tral bank. Under Its powerful and intelligent
lead, business revived and plenty smiled 'upon
our lathers" in" a way they had never toiown.
The second bank was greater than the first;
it was the 'greatest bank tho country had ever
known but in 1-836, when its charter expired, the
people refused it a renewal. And what vas it
that caused our fathers to deny themselves the
advantages of this great bank? ' The unswor is
evident to any man who reads the story. The
bank was a monopoly.
At one time or another, ten presidents have
been parties to the bank controversy and ten
presidents are on record In opposition to a
Madison vetoed a bill to charter a central
bank; Jackson vetoed a bill to re-charter a
central bank; Tyler twice vetoed bills to char- .
ter central banks.
President Jefferson, speaking of the first
central bank established by congress said: "This
institution is one of the most deadly hostility
against the principles and the form of our con
stitution. An institution like this, penetrating
by its branches, every part of the union, acting
by command and in phalanx, may, in a critical
moment, upset the government."
President Van Buren; at a banquet one night,
proposed this toast: "Uncompromising hostility
to the United States Bank."
Theodore Roosevelt, in his life of Benton,
says: "Good ground can be shown for think
ing Jackson's veto proper."
Henry Cabot Lodge, in his life of Hamilton,
says: "A central bank with branches, such as
wo had in Jackson's time, would be dangerous
to a perilouB magnitude."
During the Tippecanoe and Tyler campaign of
1840, General HaTrison was asked to state in
writing whether, in case of his election, he
would favor the establishment of a central
bank. His answer was, "I will not give my
sanction to a bank of the United States unless
by tho failure of all other expedients it should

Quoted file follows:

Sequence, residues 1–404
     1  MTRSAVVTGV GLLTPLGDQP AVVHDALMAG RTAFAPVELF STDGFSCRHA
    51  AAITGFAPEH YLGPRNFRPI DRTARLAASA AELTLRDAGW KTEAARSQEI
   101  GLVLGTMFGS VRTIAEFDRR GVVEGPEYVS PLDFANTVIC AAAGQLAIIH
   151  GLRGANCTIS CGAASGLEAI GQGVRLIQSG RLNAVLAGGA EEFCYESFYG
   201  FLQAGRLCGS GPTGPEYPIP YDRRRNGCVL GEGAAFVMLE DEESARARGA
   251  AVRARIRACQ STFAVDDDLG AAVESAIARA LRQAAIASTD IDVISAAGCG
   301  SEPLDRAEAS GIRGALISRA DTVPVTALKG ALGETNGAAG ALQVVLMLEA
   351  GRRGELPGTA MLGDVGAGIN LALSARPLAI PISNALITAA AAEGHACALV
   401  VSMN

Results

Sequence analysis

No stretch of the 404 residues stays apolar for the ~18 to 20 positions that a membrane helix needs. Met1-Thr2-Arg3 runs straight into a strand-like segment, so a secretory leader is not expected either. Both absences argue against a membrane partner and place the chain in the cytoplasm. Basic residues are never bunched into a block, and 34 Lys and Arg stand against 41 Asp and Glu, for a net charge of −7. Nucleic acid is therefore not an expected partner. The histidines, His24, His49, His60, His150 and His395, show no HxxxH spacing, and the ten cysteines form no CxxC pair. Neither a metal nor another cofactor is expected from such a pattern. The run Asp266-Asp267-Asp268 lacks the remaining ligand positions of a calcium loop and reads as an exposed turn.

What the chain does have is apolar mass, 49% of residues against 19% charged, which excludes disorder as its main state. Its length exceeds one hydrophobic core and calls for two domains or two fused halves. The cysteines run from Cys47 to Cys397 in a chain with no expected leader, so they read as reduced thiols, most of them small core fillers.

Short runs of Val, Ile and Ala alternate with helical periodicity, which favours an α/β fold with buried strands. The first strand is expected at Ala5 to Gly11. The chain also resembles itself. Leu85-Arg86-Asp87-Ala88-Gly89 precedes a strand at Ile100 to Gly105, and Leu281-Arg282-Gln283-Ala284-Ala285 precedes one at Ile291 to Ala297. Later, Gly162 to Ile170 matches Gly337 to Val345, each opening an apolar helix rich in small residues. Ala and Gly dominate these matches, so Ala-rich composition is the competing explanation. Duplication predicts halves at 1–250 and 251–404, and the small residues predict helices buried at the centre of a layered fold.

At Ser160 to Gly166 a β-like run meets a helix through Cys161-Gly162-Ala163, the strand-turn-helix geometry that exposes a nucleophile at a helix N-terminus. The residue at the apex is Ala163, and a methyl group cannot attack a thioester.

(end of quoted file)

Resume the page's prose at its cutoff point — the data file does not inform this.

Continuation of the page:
be demonstrated to bo necessary to carry on
the operations of tho government and then only
as a fiscal and not as a commercial bank."
In December, 1861, when tho expenditures of
tho government amounted to $2,000,000 per
day, when the treasury was ompty and tho
enemy was threatening our capital city, Secre
tary Chase sent a call to congress for financial
help. The need was so .urgent that tho secre
tary asked congress to pass a law tho very day
VOLUME' 11, NUMBER 37
it received his report, and what did he recom
mend? Ho know the financial history of our
country, and of other countries and he know
that a central bank was the quickest and surest
way to secure the help he needed but he did
not ask for the establishment of a central bank.
He asked for the establishment of a system of in
dependent banks scattered throughout a thous
and cities, and the reason Secretary Chase gave
for his recommendation is a significant reason.
He said: "A system of independent banks wili
enable the government to procure loans with
out risking the perils of a great money
More than one hundred years ago James
Madison declared in the congress of the United
States that the bank of England can never serve
as a model for this country. "The genius of
the British monarchy," he declared, "favors the
concentration of wealth and the concentration
of power while the genius of our government re
quires a diffusion of wealth and a diffusion of
power." Speaking further, ho said, "A system
of independent banks is in harmony with our
institutions." For half a century we have had